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  • Print publication year: 2016
  • Online publication date: November 2016

7 - Contradictory Moves under Market Pressures since the 1980s

from Part III - Building Universalism in Costa Rica



Maintaining a pro-universal architecture became harder after 1980. Economically, the debt crisis hit Costa Rica earlier than any other Latin American country and abruptly diminished resources for social policy. Politically, the dominance of social democracy weakened: during the late 1980s the Partido Liberación Nacional (National Liberation Party, PLN) moved towards the center as its conservative wing became more influential and the right-of-center Partido Unidad Social-Cristiana won three of the four presidential elections held between 1990 and 2006. Internationally, ideas advocating state downsizing – as reflected by the World Bank-led structural adjustment loans – gained momentum.

Despite these obstacles, Costa Rica's policy architecture has remained relatively stable in terms of eligibility, funding, entitlements, and service provision. In 2013 social insurance was still funded with payroll taxes and spending in health care and pensions represented more than 10 percent of GDP. Solidarity endured: by the mid-2000s, around half of all contributions made by formal workers went to fund health care services for pensioners, independent workers, and poor families (Gottret, Schieber, and Waters, 2008). The top 20 percent of contributors accounted for almost half of the Caja's income (Estado de la Nación, 2005, cited in Sáenz et al., 2011). Most medical facilities have stayed public and Costa Rica still guarantees an open basket defined by the public sector. Moreover, additional reforms during this period further unified the policy architecture: primary care services expanded nationwide and health care and pension insurance for the self-employed became mandatory.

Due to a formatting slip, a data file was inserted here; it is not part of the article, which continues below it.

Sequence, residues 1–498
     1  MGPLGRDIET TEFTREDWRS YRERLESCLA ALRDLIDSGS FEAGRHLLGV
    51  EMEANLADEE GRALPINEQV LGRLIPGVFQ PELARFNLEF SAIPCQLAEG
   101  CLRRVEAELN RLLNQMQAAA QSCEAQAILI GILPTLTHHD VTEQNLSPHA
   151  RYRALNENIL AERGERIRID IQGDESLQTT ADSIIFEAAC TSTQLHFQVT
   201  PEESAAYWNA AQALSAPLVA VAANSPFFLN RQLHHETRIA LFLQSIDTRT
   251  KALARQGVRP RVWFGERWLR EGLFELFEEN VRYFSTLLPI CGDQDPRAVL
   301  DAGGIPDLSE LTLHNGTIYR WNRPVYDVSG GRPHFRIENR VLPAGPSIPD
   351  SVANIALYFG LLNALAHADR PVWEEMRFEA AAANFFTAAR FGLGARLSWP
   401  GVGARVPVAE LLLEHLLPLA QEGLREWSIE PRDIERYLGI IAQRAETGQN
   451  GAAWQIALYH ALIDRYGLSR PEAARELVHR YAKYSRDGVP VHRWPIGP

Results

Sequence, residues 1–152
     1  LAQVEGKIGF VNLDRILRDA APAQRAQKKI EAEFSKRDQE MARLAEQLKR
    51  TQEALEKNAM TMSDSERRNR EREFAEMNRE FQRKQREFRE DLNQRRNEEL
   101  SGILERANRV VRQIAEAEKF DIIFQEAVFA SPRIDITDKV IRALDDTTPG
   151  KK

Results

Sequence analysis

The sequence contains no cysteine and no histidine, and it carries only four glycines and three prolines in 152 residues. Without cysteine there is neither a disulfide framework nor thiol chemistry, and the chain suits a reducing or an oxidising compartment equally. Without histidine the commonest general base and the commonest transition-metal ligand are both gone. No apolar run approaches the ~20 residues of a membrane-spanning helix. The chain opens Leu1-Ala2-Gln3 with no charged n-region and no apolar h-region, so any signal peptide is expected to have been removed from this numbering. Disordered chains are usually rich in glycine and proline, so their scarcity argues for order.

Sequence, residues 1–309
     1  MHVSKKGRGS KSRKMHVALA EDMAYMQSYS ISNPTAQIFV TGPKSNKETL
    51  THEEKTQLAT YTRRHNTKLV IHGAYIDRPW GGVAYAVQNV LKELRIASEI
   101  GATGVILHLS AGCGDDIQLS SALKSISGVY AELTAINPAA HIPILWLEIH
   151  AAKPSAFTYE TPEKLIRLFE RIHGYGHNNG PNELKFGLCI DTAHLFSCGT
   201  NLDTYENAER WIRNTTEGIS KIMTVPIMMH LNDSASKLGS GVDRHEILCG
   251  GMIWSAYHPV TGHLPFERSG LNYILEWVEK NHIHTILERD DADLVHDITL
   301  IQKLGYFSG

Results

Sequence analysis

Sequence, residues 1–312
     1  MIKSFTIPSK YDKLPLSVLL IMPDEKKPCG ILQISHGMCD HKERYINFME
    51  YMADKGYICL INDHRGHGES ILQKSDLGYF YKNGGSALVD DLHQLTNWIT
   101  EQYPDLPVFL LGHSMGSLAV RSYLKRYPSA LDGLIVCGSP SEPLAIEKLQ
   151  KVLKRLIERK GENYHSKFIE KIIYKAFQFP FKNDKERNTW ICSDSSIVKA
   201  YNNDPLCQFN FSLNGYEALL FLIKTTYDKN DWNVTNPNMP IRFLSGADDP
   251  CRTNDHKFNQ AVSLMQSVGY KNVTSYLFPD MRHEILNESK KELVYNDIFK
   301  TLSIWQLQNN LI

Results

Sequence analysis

Nevertheless, policy outputs are less universal today than they were two or three decades ago, primarily due to lessening quality and growing inequality in service provision. The outside option – the fifth component of the policy architecture – is largely responsible. The growth of private services and the spread of conflicting dual practices among CCSS doctors have threatened the other four components.

How can we explain the formal stability of four components of the architecture along with the growth of the outside option? The usual suspects of democratic institutions, social mobilization, and partisan ideology lack explanatory power. Policy changes in primary health care actually began under President Calderón Fournier (who otherwise pursued a pro-market policy agenda) and went unchallenged by other conservative administrations.

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